Amor Eterno: Eternal Love for Art, Tattoos and Oakland


Amy “Corazón” George-Cortez, art curator, along with husband and tattoo artist, Salvador “El Chamuco” Cortez have co-owned Amor Eterno Tattoo and Art Space in the Fruitvale District for approximately two and a half years. This Saturday, June 8, 2013 the couple celebrated the unveiling of their new and larger space and art gallery. The name Amor Eterno translates to Eternal Love from Spanish. On the invite that was put out through the Amor Eterno blog and Facebook event page, the Cortez’s explain that the name was chosen based on the love that the couple share for each other, their love for art and tattoos, for their family “and the community of Oakland.”

Cortez has been tattooing around the Bay Area for 10 years now. His wife has been curating for roughly the same amount of time. One of the goals of Amor Eterno according to Cortez is “to make art accessible to everyone, especially the community.” He also hopes that they “keep people inspired and keep people understanding the power that is art.” Now that the shop has expanded George-Cortez expects to use the shop for “everything,” including performing arts.

The Downtown area of the City of Oakland has recently been recognized as being one of America’s Top Twelve ArtPlaces 2013, according to Artplace. Cortez says, “Oakland has always been an art place, it just never got the due credit because of the bad reputation.” The galleries that are curated by George-Cortez at their shop feature the work of local artist.

The Fruitvale District has recently made the news for high crime rates including robberies and prostitution, however, Amor Eterno is not alone in its effort to bring more art to the community. Oscar Cisneros, artist and owner of Tu Tienda Azteca, which re-opened in the Fruitvale District a week ago, attended Amor Eterno’s unveiling. Cisneros recently noticed another gallery that opened up near his own shop. “It’s a good thing,” says Cisneros, about more art being brought to the Fruitvale District. “We’re trying to make our own true kind of art scene here in the Fruitvale San Antonio area,” said Cortez, “Fruitvale has always been a beautiful place.”

Amy “Corazón” George-Cortez of Oakland, Calif., watches the blessing of the Aztec Dancers at Amor Eterno Tattoo and Art Space in Oakland, Calif., on June 8, 2013. The dancers blessed the unveiling of the new space and art gallery. (Photograph by: Natalie Rodriguez/Full Sail University).

Amy “Corazón” George-Cortez of Oakland, Calif., watches the blessing of the Aztec Dancers at Amor Eterno Tattoo and Art Space in Oakland, Calif., on June 8, 2013. The dancers blessed the unveiling of the new space and art gallery. (Photograph by: Natalie Rodriguez/Full Sail University).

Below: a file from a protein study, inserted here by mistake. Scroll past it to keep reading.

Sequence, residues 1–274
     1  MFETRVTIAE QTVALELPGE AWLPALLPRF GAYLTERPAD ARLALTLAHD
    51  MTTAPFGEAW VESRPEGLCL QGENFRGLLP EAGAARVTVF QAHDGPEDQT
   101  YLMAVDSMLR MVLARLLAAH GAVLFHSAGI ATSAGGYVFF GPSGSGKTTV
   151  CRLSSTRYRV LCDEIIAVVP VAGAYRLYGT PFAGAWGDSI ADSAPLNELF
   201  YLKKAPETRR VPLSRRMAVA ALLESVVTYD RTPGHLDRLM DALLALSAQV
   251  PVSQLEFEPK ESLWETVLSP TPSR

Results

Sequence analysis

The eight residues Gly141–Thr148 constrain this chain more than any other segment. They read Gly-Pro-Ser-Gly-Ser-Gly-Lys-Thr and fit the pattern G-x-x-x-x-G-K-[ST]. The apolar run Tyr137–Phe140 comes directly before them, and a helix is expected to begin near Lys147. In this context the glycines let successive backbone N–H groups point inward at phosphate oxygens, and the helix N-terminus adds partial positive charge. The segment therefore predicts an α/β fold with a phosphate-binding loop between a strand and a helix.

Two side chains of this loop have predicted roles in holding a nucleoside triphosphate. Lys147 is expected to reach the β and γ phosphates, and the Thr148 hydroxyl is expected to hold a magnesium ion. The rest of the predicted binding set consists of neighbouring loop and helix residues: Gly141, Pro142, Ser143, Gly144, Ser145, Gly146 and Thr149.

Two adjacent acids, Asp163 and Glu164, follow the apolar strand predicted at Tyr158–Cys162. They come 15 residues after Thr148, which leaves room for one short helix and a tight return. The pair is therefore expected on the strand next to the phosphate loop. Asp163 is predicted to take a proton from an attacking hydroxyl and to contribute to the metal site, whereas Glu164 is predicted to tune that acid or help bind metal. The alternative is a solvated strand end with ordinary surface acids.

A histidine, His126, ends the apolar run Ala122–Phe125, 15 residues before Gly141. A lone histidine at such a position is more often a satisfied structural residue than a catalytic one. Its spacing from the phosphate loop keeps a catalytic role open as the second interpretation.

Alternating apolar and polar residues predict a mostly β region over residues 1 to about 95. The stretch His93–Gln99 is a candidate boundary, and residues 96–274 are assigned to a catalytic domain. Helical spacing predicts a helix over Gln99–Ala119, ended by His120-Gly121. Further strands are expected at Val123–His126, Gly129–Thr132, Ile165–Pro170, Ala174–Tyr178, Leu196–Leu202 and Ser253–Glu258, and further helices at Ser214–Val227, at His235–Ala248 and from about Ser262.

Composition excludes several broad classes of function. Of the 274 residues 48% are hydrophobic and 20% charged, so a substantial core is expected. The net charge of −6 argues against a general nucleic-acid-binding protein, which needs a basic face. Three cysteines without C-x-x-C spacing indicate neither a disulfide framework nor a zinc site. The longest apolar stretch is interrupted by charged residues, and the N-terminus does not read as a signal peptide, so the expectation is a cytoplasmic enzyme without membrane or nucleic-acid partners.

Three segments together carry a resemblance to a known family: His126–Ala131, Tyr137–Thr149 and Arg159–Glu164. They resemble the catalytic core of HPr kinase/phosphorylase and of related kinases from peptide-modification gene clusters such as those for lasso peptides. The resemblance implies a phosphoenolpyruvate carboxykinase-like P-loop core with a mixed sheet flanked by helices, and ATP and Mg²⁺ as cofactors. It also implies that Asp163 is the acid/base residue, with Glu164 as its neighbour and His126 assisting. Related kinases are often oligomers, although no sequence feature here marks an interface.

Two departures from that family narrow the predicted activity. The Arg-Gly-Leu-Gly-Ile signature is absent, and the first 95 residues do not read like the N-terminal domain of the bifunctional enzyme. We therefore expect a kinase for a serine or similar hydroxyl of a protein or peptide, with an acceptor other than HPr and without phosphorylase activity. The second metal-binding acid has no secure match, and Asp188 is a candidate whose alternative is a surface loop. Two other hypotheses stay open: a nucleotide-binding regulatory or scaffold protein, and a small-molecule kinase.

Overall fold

George-Cortez personally welcomes guest to the reception of Amor Eterno Tattoo and Art Space, in Oakland, Calif., on June 8, 2013. “We like to create an environment that’s comfortable for people just to come relax, be able to look at art,” said Cortez, “and not have to worry about any kind of stigma or anything like that.” (Photo by: Natalie Rodriguez/Full Sail University).

George-Cortez personally welcomes guest to the reception of Amor Eterno Tattoo and Art Space, in Oakland, Calif., on June 8, 2013. “We like to create an environment that’s comfortable for people just to come relax, be able to look at art,” said Cortez, “and not have to worry about any kind of stigma or anything like that.” (Photo by: Natalie Rodriguez/Full Sail University).

Cortez shows us his Grandfather’s television remote control, which is a part of his shrine at Amor Eterno Tattoo and Art Space, in Oakland, Calif., on June 8, 2013. “He watched the world change through this,” says Cortez. He believes that the remote control, which his grandfather carved in Spanish after the letters had faded, is the closest thing to a work of art that his grandfather ever made. “It’s my greatest treasure,” he says. (Photo by: Natalie Rodriguez/Full Sail University).

Cortez shows us his Grandfather’s television remote control, which is a part of his shrine at Amor Eterno Tattoo and Art Space, in Oakland, Calif., on June 8, 2013. “He watched the world change through this,” says Cortez. He believes that the remote control, which his grandfather carved in Spanish after the letters had faded, is the closest thing to a work of art that his grandfather ever made. “It’s my greatest treasure,” he says. (Photo by: Natalie Rodriguez/Full Sail University).

Cortez shows us his “altar” at Amor Eterno Tattoo and Art Space, in Oakland, Calif., on June 8, 2013. On his shrine Cortez has religious artifacts of different religions, photographs and treasures he holds dear, including his grandfather’s first television remote control. (Photo by: Natalie Rodriguez/Full Sail University).

Cortez shows us his “altar” at Amor Eterno Tattoo and Art Space, in Oakland, Calif., on June 8, 2013. On his shrine Cortez has religious artifacts of different religions, photographs and treasures he holds dear, including his grandfather’s first television remote control. (Photo by: Natalie Rodriguez/Full Sail University).

George-Cortez thanks guests for coming to the event at Amor Eterno Tattoo and Art Space in Oakland, Calif., on June 8, 2013. The event invite states, “It is the love and support from our family, friends and clients who have made it possible for us to grow.” (Photo by: Natalie Rodriguez/Full Sail University).

George-Cortez thanks guests for coming to the event at Amor Eterno Tattoo and Art Space in Oakland, Calif., on June 8, 2013. The event invite states, “It is the love and support from our family, friends and clients who have made it possible for us to grow.” (Photo by: Natalie Rodriguez/Full Sail University).